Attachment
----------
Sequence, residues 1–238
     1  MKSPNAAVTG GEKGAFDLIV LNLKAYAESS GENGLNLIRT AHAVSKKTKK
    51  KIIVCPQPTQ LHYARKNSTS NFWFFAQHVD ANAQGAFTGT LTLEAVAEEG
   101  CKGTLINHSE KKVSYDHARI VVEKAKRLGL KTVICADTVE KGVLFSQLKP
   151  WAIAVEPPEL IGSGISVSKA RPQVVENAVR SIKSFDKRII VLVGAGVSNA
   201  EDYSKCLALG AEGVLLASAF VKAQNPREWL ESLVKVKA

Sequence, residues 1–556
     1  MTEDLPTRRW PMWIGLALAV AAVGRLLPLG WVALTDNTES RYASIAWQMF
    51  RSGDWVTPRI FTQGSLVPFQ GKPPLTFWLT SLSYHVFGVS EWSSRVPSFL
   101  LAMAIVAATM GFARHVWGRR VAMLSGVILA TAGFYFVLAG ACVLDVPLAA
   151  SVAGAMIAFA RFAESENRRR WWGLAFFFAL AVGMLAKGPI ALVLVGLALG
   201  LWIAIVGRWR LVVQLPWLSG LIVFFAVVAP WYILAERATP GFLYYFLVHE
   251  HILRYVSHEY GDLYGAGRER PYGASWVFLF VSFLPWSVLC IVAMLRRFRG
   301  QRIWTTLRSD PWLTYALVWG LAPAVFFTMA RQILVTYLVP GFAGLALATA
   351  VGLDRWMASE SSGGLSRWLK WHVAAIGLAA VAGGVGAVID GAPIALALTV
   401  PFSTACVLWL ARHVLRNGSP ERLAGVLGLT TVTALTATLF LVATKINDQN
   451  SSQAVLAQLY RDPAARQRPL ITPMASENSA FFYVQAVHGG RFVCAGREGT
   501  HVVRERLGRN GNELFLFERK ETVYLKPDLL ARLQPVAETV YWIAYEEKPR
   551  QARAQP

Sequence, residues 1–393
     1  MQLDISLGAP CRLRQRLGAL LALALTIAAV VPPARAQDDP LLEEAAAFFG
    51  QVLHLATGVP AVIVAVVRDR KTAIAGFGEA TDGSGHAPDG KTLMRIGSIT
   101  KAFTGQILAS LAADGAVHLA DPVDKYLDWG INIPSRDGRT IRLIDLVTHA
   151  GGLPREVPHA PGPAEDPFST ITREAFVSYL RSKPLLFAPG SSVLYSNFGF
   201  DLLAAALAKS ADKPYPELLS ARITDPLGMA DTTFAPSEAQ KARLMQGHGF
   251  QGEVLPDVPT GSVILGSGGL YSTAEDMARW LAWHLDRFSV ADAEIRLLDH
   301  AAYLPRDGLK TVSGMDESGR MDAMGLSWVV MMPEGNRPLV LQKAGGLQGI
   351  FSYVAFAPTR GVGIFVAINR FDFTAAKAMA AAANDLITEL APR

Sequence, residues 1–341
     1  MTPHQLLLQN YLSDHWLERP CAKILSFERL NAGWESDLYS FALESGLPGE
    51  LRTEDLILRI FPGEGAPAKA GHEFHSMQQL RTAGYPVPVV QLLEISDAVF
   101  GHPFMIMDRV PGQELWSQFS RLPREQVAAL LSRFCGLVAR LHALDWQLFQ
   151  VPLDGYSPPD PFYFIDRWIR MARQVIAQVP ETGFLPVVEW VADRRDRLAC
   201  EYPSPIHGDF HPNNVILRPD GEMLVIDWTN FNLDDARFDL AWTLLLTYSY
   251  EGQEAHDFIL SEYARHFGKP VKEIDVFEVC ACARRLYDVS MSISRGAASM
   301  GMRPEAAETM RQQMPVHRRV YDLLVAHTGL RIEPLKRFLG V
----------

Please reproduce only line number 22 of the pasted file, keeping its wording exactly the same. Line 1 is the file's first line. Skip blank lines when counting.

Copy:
    51  QVLHLATGVP AVIVAVVRDR KTAIAGFGEA TDGSGHAPDG KTLMRIGSIT